Miami Invaded By Giant, House-Eating Snails

A worker displays two giant African land snails.  For the third time since 1966, the snails are invading the US. i i

A worker displays two giant African land snails. For the third time since 1966, the snails are invading the US. Bobbi Zimmerman /AP hide caption

itoggle caption Bobbi Zimmerman /AP
A worker displays two giant African land snails.  For the third time since 1966, the snails are invading the US.

A worker displays two giant African land snails. For the third time since 1966, the snails are invading the US.

Bobbi Zimmerman /AP

In southwest Miami, a small subdivision is being called "ground zero" of an invasion by a destructive, non-native species.

"It's us against the snails," Richard Gaskalla, head of plant industry for Florida's Department of Agriculture and Consumer Services, tells weekends on All Things Considered host Guy Raz.

That's the Giant African Land Snail, to be precise. They can grow to be 10 inches long. They leave a slimy trail of excrement wherever they go. They harbor the microscopic rat-lung worm, which can transmit meningitis to humans. And they will literally eat your house.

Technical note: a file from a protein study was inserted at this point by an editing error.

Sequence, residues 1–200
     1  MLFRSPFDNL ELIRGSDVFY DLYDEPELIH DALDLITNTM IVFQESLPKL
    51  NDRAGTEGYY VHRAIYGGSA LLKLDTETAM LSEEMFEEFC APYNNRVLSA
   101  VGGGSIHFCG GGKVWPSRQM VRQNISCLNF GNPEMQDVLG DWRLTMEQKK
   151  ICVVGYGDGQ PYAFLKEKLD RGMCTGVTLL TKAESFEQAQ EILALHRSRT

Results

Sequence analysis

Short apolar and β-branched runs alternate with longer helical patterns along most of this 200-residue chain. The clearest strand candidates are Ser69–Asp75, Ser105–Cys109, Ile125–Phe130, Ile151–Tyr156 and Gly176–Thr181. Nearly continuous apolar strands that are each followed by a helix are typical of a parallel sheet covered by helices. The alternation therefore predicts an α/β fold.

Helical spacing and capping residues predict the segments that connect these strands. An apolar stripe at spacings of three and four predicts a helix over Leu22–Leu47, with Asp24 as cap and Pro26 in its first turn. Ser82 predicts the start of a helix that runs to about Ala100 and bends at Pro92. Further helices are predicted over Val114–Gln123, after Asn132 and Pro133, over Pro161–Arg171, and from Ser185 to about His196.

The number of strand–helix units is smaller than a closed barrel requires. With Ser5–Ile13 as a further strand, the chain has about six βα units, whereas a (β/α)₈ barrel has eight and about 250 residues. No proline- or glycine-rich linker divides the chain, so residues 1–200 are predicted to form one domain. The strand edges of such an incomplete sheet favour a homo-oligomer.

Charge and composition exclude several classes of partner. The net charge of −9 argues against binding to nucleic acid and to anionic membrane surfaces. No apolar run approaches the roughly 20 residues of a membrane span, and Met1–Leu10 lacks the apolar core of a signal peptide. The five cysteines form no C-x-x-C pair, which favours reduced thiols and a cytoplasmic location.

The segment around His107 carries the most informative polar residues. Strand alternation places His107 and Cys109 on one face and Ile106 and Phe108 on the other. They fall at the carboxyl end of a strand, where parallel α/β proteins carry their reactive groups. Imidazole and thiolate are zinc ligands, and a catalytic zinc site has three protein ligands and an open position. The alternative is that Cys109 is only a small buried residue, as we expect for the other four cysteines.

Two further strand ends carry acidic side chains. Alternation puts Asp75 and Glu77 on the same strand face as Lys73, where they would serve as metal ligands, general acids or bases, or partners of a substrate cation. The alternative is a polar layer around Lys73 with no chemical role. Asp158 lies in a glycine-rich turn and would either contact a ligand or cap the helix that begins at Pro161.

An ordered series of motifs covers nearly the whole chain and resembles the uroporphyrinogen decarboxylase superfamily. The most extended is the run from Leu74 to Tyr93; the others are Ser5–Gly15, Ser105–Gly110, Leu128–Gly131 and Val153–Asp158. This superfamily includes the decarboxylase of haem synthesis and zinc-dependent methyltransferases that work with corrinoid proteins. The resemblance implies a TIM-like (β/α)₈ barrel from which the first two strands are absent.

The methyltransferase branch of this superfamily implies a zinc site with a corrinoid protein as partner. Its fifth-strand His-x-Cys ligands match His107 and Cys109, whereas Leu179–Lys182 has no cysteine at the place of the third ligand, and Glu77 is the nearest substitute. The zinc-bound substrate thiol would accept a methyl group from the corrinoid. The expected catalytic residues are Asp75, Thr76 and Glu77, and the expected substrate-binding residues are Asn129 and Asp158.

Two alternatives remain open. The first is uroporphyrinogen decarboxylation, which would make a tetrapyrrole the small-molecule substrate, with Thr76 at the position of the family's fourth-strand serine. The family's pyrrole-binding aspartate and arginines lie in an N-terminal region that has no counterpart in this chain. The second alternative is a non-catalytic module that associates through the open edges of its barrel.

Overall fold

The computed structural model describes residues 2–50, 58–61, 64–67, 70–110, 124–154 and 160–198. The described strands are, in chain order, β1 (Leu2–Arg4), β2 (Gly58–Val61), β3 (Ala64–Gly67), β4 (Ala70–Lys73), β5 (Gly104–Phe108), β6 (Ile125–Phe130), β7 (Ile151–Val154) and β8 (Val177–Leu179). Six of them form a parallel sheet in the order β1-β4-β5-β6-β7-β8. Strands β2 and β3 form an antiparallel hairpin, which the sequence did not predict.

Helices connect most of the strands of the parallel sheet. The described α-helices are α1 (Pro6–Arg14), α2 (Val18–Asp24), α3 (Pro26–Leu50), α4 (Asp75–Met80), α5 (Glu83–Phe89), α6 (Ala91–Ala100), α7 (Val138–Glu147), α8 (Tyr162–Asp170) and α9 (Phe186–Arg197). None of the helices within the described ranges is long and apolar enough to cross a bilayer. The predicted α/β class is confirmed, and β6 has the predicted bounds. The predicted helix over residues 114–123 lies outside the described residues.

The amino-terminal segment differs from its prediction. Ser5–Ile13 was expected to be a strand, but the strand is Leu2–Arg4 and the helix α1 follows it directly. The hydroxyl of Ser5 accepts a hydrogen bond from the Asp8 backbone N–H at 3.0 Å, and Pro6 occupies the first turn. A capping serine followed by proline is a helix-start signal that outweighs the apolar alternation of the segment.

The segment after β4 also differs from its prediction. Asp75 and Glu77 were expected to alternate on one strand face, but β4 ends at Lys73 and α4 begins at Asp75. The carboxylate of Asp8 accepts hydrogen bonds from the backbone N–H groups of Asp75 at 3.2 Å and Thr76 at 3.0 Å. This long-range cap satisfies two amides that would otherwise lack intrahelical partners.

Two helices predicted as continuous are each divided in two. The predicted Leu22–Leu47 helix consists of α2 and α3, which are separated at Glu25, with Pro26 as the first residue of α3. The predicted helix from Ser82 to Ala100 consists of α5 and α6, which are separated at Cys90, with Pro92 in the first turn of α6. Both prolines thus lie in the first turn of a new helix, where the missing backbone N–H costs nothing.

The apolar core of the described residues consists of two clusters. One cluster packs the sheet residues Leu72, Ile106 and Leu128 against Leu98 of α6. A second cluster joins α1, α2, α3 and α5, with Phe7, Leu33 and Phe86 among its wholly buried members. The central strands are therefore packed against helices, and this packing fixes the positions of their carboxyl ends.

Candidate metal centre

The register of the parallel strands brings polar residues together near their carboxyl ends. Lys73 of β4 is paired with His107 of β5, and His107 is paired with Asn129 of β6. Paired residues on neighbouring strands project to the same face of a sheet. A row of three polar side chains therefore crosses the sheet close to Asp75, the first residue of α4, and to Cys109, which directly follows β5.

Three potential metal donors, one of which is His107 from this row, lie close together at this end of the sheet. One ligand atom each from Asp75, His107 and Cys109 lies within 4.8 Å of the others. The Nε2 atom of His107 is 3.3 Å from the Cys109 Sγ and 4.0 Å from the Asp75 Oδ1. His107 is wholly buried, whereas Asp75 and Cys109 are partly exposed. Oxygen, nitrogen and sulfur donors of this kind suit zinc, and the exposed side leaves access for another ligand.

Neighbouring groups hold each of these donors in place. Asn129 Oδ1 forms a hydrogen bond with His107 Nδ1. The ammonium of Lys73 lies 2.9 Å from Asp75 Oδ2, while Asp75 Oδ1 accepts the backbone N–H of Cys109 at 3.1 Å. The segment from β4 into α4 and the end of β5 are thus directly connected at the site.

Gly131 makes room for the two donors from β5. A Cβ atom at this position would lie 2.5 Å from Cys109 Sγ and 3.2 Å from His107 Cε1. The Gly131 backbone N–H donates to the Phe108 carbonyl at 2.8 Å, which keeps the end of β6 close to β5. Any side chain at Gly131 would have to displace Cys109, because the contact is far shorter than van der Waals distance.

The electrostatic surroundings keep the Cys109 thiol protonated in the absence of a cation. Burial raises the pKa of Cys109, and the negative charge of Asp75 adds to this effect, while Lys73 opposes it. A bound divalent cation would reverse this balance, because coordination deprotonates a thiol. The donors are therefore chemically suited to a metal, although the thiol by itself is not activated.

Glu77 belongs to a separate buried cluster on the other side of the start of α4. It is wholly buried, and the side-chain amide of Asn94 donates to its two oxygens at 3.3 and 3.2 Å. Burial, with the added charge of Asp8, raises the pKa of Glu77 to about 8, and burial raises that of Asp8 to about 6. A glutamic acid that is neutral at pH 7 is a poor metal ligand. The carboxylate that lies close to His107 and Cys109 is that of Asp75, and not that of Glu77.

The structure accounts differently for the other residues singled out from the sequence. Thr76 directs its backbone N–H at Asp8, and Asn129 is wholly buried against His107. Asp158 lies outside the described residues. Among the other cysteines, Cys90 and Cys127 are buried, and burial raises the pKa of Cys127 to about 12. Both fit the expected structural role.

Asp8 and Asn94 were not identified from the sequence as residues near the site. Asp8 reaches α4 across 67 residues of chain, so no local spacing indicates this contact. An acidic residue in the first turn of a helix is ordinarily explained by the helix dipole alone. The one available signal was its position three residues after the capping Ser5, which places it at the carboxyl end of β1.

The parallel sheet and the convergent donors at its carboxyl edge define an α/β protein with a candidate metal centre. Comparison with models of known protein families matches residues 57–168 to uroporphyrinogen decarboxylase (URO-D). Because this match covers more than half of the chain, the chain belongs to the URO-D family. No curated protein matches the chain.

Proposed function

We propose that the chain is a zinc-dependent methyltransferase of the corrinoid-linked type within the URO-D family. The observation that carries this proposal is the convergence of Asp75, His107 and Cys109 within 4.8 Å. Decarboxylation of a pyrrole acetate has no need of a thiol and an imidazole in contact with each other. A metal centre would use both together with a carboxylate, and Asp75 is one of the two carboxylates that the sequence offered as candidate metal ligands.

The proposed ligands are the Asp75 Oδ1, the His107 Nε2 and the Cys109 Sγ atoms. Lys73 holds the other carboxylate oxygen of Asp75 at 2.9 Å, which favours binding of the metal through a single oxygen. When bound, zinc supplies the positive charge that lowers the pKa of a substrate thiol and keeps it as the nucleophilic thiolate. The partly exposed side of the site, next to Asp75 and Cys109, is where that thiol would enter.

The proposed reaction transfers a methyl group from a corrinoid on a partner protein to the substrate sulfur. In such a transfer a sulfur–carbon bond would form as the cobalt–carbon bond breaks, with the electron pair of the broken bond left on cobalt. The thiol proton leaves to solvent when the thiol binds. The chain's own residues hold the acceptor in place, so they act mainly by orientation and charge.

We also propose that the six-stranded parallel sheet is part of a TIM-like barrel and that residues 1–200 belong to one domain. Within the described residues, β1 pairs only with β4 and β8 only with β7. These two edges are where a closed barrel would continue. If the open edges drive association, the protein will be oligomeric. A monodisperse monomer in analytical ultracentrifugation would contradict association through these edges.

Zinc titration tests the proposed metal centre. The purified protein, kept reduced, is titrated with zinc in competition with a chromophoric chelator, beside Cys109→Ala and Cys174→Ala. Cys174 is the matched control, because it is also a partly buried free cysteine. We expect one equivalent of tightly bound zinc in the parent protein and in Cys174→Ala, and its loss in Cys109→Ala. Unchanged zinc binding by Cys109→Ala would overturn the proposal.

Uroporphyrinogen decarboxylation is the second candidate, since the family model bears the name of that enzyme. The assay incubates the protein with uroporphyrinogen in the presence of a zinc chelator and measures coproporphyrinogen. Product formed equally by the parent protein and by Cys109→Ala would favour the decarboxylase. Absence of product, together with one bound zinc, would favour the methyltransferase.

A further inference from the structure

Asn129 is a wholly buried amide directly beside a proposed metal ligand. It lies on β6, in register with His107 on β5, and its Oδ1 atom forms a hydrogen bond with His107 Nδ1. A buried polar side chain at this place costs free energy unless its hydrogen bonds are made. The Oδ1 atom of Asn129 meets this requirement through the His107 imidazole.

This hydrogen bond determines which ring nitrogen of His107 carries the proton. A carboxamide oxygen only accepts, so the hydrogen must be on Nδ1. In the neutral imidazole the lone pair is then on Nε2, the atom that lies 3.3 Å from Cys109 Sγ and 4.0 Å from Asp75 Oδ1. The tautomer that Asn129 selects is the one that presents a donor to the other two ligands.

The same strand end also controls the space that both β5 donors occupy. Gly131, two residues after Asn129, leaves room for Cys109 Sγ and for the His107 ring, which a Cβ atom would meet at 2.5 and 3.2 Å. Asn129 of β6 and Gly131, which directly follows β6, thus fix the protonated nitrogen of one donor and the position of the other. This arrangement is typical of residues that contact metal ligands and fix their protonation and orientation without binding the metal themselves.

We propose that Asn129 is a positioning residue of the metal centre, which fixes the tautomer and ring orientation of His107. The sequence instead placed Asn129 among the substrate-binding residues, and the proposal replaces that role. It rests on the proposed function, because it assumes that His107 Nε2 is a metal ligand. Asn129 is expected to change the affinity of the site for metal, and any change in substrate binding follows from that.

"They'll attach to the side of the house and eat the stucco off the side of the house," Gaskalla says. The snails are also attracted to garbage and pet food that's been left out.

Giant African Land Snails are restricted in the US. Gaskalla says people often smuggle them into the country in their pockets, because they make popular novelty pets.

"Back in 1965 we had an introduction that was traced back to an elementary-aged child that had put two of them in his pocket in Hawaii and brought them back to Miami," Gaskalla says. "Seventeen-thousand snails, a million dollars, and ten years, we eradicated them."

A more recent introduction several years ago was traced to small religious sects in Miami, where the snails are believed to harbor healing properties.

"A young woman had come in with some stomach ailments, and her mother said she had been fed the juices of a live snail as a healing rite," Gaskalla says.

"That's not in my medicine chest," he adds.

Authorities are asking residents not to handle the creatures. Anyone who finds a suspicious snail is advised to call the Department of Agriculture and Consumer Services help line at 888-397-1517. Workers or volunteers will ID and collect the snails before taking them to be killed in a freezer.

"That's sort of a kinder, gentler way to get rid of them," Gaskalla explains.

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